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An old newspaper clipping of a man pinning art onto a wall

The Role of Visual Arts Organisations in the British Black Arts Movement in the Midlands

Project team

Carolina Rito, Principal investigator (CAMC)

Paul Goodwin, Co-investigator (University of the Arts London)


Coventry University (lead)

University Arts London

New Art Exchange

Wolverhampton Gallery

Herbert Museum and Art Gallery

Working group

Shaheen Merali

Marlene Smith

Ian Sergeant

Sylvia Theuri



Value to Coventry University 


Total value of project


Duration of project

20 November 2021 – 19 July 2023

UKRI AHRC logoUAL: transnational art identity nation logo

Project details

Project webpage:

The British Black Arts Movement (BAM) in the early 1980s was responsible for a paradigm shift in UK art history, bringing to the fore the issues, concerns, practices and aesthetics of marginalised artists. The systemic inequality in the representation of Black art history in Britain has come to the fore once more in the recent months, especially within debates around the killing of George Floyd in the US, the Black Lives Matter protests. However, the history of the BAM and the role of cultural organisations in its development in the Midlands remain understudied. In preparation for the 40th anniversary of The First Black Art Convention in Wolverhampton (1982), this project aims to revisit and promote the region's unique and exceptional legacy in the development of the Black art scene, with a special focus on the role of cultural organisations in supporting artists of colour in the Midlands since the 1980s. The network will explore the impact of the BAM in the region, and foster a change of attitudes in the cultural sector towards a more  equitable scene by identifying the challenges faced by artists of colour today and proposing recommendations to cultural organisations, policy-makers and advocacy groups.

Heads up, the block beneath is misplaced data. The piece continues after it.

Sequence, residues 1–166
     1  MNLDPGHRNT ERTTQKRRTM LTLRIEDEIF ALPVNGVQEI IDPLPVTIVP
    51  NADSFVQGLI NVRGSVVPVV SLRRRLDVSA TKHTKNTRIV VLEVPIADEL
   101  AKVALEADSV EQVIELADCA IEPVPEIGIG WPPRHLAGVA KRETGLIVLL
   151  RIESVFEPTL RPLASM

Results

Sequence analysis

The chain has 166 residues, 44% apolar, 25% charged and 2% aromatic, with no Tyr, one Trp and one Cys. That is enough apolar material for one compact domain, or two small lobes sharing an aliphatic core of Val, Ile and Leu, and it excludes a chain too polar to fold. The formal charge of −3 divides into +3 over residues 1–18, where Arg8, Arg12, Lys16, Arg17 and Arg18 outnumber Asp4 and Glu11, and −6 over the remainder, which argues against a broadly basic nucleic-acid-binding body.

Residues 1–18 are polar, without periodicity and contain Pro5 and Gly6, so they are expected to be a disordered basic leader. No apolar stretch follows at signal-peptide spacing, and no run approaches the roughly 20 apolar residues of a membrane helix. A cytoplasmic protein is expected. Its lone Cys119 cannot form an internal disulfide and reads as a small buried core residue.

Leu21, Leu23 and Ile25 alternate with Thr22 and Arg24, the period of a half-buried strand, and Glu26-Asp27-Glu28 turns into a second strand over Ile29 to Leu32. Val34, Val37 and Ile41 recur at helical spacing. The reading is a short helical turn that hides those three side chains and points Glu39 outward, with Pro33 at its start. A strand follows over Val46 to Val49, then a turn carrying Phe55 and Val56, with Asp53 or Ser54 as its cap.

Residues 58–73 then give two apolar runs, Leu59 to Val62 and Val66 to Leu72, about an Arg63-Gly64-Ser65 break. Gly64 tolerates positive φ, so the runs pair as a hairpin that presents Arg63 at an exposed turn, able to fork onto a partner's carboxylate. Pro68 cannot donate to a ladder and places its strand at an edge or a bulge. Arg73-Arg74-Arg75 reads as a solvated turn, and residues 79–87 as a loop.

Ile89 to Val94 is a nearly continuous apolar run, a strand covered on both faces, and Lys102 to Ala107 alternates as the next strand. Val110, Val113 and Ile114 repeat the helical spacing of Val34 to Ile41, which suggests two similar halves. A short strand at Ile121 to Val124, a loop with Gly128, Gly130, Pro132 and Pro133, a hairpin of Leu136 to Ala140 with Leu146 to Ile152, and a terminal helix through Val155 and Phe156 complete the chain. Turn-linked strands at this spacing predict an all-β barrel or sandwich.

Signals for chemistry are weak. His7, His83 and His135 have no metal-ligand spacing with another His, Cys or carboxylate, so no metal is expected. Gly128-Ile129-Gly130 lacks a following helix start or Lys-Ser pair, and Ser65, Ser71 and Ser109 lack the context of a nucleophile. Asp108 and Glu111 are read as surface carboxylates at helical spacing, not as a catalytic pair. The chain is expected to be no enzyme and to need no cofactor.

Project objectives

  1. To foster research co-operation on Black studies, art and curation between Coventry University, UAL, visual arts organisations and cultural practitioners in the region;
  2. To raise awareness of the unique and pioneering role of the BAM in the Midlands and relevance to the British art history;
  3. To share and exchange knowledge, specifically: 1) on the history of the BAM, its networks, the role of the visual arts institutions, the individuals involved; 2) histories of Black curation in the Midlands and the UK; 3) on the contemporary challenges for curators and artists of colour in the region and opportunities to flat discrimination;
  4. To act as a catalyst for embedding the relevance of the visual arts organisations in their identity, to articulate with confidence their role and why that is important;
  5. To act as a catalyst to increase these institutions' commitment to diversity and inclusion.

Impact statement

The network activities will benefit academics in the fields of visual arts, curating and Black studies; and non-academic audience working in the cultural sector and on non-for-profit organisations supporting artists of colour. The network activities include: two workshops 1) the first invites members of the BAM to explore the role of cultural organisations in the movement in the 1980s, providing new insights; 2) the second invites practitioners of colour to identify challenges and opportunities in the field for a more diverse and inclusive approach. The workshops will be followed by a public event to open the findings and recommendations to a wider public. The event will be recorded and disseminated via the project blog that will outlive the funded period to continue benefitting scholars and practitioners working in the fields of art history, curating, institutional practices, visual cultures, museum studies, visual arts, and Black studies. Following up on these debates, the network will produce an advocacy document with recommendations for a more equitable art programming, workforce and audience development in the cultural sector, which will be effectively disseminated to funding bodies and policy-makers (Arts Council England; Contemporary Visual Arts Network; Midlands Higher Education Culture Forum). In addition, a paper will be published in peer-reviewed academic journals to benefit other scholars in the field, disseminate new knowledge, and influence related debates.


Image: Newspaper cutting from Wolverhampton Express & Star, June 1981. © Wolverhampton Express & Star

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